18. Anonymous Coward
    Anonymous Coward


    Doesn't monitoring of the internet connection without permission using DPA mean its in breach of RIPA much like PHORM's secret trials were?

  19. David Lawrence

    Is that really legally enforceable?

    So if I had a kitchen knife, and lent it (in good faith) to a friend, and he killed someone with it, could I be prosecuted for murder?

    Sorry bit I don't see the difference here.

  20. Anonymous Coward

    What a surprise

    Government legislators who haven't a frikken clue what they are doing...

  21. kissingthecarpet
    Gates Horns

    EU law

    has always been a friend to the man in the street - all the papers who print "stories"(mostly made up) about insane EU regs do so largely because their mates (big business, dodgy pols) don't like the way that said laws prevent them from ripping off the public.

    (Icon: one of the wankers who doesn't like complying with EU law)

  22. Tony Hoyle

    So.. bye bye public wifi

    Who's going to run public wifi if they could go to jail if someone downloads the wrong thing using it?

    The BSA seem hopelessy naive if they think that 'blocking software' (whatever that is.. short of running a whitelist of allowed sites it sounds like marketing BS) is going to stop it.. and the law makes no provision for 'I tried to block it, honest!' either.

  23. Robert Carnegie Silver badge


    Free access doesn't have to mean anonymous access. But if you have to keep track of user IDs then it's a cost that you probably didn't want.

    On the other hand, if you have your home broadband connection wireless networked, you'll probably find a line in the contract that says you mustn't allow people other than / outside your household to use it. Which also probably counts as unauthorised access, so would be an existing separate crime anyway.

    If there isn't any protection at all for "intellectual property" then no one will make it except for their own aims - to amuse the children, to satisfy a peculiar appetite, as racial propaganda - that sort of thing. And if there isn't protection in law for "intellectual property" then technological protection will be used to control use rigorously. Neither is very satisfactory.

    I assume that the news site I might set up (guess where I'd get the stories from) wouldn't be particularly popular. Even with choice of either no ads or exclusively adult-product ads. (Driving gloves, Hush Puppy shoes, easy-listening CDs, aphrodisiac lubricant.)

    1. EnricoSuarve

      Thanks god for copyright

      You're right - praise y9our entity of choice for copyright and patents, as without them we'd never have had Beethoven, Shakespeare, the wheel or the aeroplane

      Except that's wrong isn't it?

  24. Jeff Deacon

    It isn't only WiFi !

    If the article, and the commenters above, have the right end of this rather nasty stick, then running a Tor outlet node will become illegal too.


  25. Anonymous Coward
    Paris Hilton

    Butt shoorli minishter?

    Is it not better in everyone's interest for suspected or intercepted copyright infringement from a user account to have a warning sent to the account holder with no implication or blame attached and that the service will be suspended or otherwise withdrawn as something improper is believed to have occurred?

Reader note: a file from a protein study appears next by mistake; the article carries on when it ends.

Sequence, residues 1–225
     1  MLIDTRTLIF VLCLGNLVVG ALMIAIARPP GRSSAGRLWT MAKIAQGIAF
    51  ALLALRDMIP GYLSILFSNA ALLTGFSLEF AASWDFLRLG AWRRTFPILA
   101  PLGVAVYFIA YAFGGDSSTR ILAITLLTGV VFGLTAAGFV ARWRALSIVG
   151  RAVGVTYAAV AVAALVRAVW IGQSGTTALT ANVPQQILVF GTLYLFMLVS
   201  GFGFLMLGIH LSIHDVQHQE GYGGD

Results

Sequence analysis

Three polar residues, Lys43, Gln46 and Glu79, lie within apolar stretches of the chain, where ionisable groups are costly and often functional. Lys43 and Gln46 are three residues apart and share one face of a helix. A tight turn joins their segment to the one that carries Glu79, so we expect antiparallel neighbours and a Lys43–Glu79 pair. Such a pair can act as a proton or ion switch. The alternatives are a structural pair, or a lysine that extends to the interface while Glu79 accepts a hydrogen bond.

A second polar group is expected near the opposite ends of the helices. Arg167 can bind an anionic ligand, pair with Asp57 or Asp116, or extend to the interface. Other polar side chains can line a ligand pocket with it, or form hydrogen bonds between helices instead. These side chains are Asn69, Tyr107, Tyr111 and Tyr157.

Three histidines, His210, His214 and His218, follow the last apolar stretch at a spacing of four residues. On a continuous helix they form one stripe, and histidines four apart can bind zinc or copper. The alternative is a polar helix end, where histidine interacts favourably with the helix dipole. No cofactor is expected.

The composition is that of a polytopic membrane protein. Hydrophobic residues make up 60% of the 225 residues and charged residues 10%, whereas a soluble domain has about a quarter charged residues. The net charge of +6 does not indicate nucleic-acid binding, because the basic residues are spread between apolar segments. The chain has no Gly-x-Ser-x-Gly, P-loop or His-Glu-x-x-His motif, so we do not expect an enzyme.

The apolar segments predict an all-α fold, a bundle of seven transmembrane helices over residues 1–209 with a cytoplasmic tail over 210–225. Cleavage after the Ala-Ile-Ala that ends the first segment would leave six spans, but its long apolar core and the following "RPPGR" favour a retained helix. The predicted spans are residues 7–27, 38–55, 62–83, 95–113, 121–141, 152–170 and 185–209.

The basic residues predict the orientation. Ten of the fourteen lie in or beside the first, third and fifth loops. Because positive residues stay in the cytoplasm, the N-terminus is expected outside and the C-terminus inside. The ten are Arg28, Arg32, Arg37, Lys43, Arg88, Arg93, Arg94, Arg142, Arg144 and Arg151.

it looks as if detection is limited to IP address only? (why not IP address > account > account holder > user OR alternatively IP address > (something to do with insecure Wifi access)

    on a principle that to err is human then no allegation should be made without proper hearing

    and so forth and so on ...

  26. Trev 2

    Won't BT have summut to say?

    If this is the case, then won't this seriously affect BTopenzone services as they must be making a fair packet from that considering they seem to be in a lot of Premier Inn's, Roadchef's and various other places...? Can't imagine they'll be exactly happy since they might not get prosecuted (not exactly sure), but presumably their customers would.

  27. DaveB

    Public network

    A couple of years ago I spent a week on a course in Wareham. I took our Intern with us and as we checked in he sat down opened his laptop and said "Is it OK if we use their wireless network". I asked the girl at the desk and she said "no problem".

    So for the week we stayed at the hotel my Intern downloaded gigabytes of stuff.

    When we checked out I said to the manager "thanks for the use of the INTERNET" as I don't think my Intern would have survived without it.

    He said "we don't have a wireless network" which got me thinking how the guy down the street was going to explain his 20 gig usage last month.

    So under the new Mandy law not only would this guy have to explain his over usage he would also be disconnected for leaving his WiFi open, or as delivered by Linksys.

  28. Stephen Jenner
    Big Brother

    Confused Commentators

    Yes... Brown is a total wan*er and so is his government, and next year the voters that gave him his power, will take it away.

    I would like to see them perform the same trick with the EU!

    Oh, has anyone here actually read the Lisbon Putsch?